In my ideal product management tool, I could make a roadmap I could actually share with stakeholders. It would start by supporting “public names” for features and themes. It would have the ability to buffer the expected delivery dates. I could edit, annotate, or hide any entries I wished. And it would put all that into a PowerPoint slide that I could load into a deck and update in real time. This is not a trivial set of things to support.

Software Is Different

The original question was from a software industry outsider. I thought it would be useful to compare software roadmaps with those of other industries. The first takeaway? Comparing a software company’s roadmap to a roadmap from another industry is apples to oranges.

Usually those other types of companies have products that obey the laws of physics, such as semiconductor makers or car manufacturers.

Conversely, software company roadmaps often present capabilities that are not even designed, much less built.

Here’s a thought experiment for you. How soon before they hit the showroom do carmakers release information about the features and capabilities of their next car models? It’s about a year if you think about it. How long does it take to get a new car feature that’s designed and developed for manufacturing to the showroom floor? The answer: about a year. When carmakers announce new features on cars, what they call their roadmap, they’ve already done all the design and development work on those features. They are not predicting the future.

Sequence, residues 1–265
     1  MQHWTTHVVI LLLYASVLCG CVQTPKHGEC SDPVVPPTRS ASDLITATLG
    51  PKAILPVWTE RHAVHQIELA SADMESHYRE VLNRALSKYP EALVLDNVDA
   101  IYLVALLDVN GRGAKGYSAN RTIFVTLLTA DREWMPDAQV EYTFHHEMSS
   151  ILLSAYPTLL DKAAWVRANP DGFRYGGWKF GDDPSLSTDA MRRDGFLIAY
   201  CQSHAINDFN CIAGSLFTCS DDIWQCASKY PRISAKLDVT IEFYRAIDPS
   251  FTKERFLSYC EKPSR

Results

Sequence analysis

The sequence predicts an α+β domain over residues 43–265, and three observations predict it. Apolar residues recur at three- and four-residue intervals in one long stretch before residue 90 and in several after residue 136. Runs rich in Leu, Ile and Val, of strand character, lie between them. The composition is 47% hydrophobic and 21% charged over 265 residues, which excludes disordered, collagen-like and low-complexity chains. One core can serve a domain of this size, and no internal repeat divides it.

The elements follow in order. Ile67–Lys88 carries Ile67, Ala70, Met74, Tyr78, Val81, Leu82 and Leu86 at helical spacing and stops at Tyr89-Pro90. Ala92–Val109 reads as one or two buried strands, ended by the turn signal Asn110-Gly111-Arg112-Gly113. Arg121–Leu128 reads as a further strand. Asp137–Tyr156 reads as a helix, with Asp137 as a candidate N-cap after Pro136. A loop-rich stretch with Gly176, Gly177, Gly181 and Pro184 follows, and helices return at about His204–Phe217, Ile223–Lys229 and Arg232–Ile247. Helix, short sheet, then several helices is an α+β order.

How about semiconductors? Intel has a 1-2 year roadmap for its processors. How long does it take for a new semiconductor fabrication innovation to get from discovery and validation in the lab to being an actual feature on a chip that you can buy? Well, it’s about three years. Intel’s two-year roadmap is not predicting the future – they know and have proven the technology.

And even then the roadmap slips. Back in May of 2015, Intel said it would ship 10nm chips in calendar 2015. By July its roadmap had changed, with the 10nm chips pushed back to 2016.

Take action

Here are three things you can do today to improve the roadmaps you share with external people.

  1. Focus your roadmap on themes, not features.
  2. Use customer language in your roadmap, not technical or insider jargon.
  3. Make sure you understand the desires, needs, requests, and pains of the stakeholders to whom you are presenting, so you can fit your presentation to their expectations.

How do you use roadmaps?

Do you have techniques for sharing the future for your external stakeholders? Do you have stories about how you finessed a difficult situation? Or have you accidentally set their expectations that you would deliver something impossible?